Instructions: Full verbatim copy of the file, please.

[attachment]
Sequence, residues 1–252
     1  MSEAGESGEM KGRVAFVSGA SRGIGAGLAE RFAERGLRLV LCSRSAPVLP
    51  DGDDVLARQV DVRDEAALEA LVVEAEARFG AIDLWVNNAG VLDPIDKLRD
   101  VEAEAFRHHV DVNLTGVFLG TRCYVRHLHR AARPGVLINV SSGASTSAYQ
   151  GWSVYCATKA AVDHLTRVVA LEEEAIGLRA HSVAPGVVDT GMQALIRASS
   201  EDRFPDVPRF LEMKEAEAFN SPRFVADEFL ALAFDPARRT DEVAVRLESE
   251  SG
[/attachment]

Sequence, residues 1–252
     1  MSEAGESGEM KGRVAFVSGA SRGIGAGLAE RFAERGLRLV LCSRSAPVLP
    51  DGDDVLARQV DVRDEAALEA LVVEAEARFG AIDLWVNNAG VLDPIDKLRD
   101  VEAEAFRHHV DVNLTGVFLG TRCYVRHLHR AARPGVLINV SSGASTSAYQ
   151  GWSVYCATKA AVDHLTRVVA LEEEAIGLRA HSVAPGVVDT GMQALIRASS
   201  EDRFPDVPRF LEMKEAEAFN SPRFVADEFL ALAFDPARRT DEVAVRLESE
   251  SG